These advisories relate mostly to risks of terrorism, civil unrest, violent crime and kidnapping.

Other countries which are currently on the same level as Hong Kong, and therefore deemed to have a safety and security level "similar to that of New Zealand" include Austria, most of China, Ireland, and Switzerland.

"The Ministry of Foreign Affairs and Trade provides advice on security and safety concerns in many destinations. This advice is based on information from a number of sources. It reflects potential risks, and our assessment of what these might mean for New Zealanders," the SafeTravel site says.

"Our assessment may also take into account actions of local authorities, and our ability to provide you with assistance."

The full list of travel advisories and specific information regarding precautions Kiwis should take can be found here.

New Zealand passport.
New Zealand passport. Photo credit: Getty.

Protests in New Zealand
 

Tensions have flared between pro-Beijing individuals and those in support of the protest in Hong Kong in New Zealand - particularly at the University of Auckland.

Last week, a protest became physical after students clashed over the Hong Kong Bill and Beijing influence in the city.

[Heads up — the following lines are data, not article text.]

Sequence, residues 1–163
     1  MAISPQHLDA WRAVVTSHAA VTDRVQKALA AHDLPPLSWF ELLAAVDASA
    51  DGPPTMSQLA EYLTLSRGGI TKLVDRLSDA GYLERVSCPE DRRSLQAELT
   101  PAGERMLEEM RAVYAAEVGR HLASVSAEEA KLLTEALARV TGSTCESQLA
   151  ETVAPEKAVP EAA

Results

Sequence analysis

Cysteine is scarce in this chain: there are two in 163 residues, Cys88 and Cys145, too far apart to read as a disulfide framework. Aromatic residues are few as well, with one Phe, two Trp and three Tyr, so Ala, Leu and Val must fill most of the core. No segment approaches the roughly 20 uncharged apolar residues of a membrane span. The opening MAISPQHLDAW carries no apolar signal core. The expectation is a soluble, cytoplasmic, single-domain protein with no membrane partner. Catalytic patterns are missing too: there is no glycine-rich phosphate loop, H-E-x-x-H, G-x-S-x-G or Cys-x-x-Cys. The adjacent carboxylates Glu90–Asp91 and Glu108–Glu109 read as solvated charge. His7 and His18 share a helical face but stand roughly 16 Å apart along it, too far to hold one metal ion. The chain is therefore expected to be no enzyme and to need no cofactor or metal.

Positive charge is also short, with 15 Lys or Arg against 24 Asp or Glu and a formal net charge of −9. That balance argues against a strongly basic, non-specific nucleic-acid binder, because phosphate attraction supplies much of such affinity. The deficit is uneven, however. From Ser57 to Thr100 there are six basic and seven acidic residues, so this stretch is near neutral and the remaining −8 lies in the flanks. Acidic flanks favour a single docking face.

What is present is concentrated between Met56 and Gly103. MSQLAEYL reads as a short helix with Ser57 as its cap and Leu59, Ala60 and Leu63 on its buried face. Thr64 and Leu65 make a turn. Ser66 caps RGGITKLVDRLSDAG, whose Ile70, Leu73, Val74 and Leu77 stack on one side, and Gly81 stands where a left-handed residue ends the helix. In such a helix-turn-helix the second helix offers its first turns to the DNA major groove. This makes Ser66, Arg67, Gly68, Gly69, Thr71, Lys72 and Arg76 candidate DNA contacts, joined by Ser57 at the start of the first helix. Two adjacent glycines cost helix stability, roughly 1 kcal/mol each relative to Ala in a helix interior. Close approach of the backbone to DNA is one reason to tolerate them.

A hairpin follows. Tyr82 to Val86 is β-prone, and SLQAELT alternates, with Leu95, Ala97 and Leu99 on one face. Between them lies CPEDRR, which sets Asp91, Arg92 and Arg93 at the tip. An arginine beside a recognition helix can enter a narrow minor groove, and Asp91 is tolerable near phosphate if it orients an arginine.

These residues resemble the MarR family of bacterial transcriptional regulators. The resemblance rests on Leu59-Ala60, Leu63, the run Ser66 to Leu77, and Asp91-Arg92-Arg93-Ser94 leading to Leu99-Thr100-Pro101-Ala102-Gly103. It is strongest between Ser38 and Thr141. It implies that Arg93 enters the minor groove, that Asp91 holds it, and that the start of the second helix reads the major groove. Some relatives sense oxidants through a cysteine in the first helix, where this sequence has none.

Video shows pro-Chinese government students verbally threatening another group of students before pushing protest organiser Serena Lee to the ground.

The China Consulate in Auckland later released a statement praising the "spontaneous patriotism" of the students standing up for China. Lee told Newshub she has received death threats since the demonstration.

The University of Auckland says a formal investigation is underway into last week's demonstration and the students involved have been spoken to. A police spokesperson told Newshub that police have spoken with the complainant and will be investigating the incident in due course.

A scuffle broke out at the University of Auckland.
A scuffle broke out at the University of Auckland. Photo credit: Facebook / New Zealand Hong Konger / Getty.

However the China Consulate has slammed New Zealand media reports of the incident and the events in Hong Kong as "biased". 

"The Consulate General strongly condemns the use of the recent situation in Hong Kong, under the pretext of so-called academic freedom and freedom of expression, on the university campus to engage in smearing attacks on the Chinese government and the Hong Kong SAR government, inciting anti-China sentiment, and creating opposition between Chinese and Hong Kong students," a translated version of the Chinese text said.

"The Consulate General wishes to reiterate here that Hong Kong is China's Hong Kong and that Hong Kong affairs are China's internal affairs, and no external forces can interfere."

About 100 people turned out to a protest on Tuesday afternoon at the university campus. It was a mostly peaceful affair, but there was a confrontation when a pro-Beijing man appeared holding a sign saying "Hong Kong independence mob".

However, following that, a wall at the university where students could post thoughts and messages of support for those involved in the protests was vandalised.

Newshub.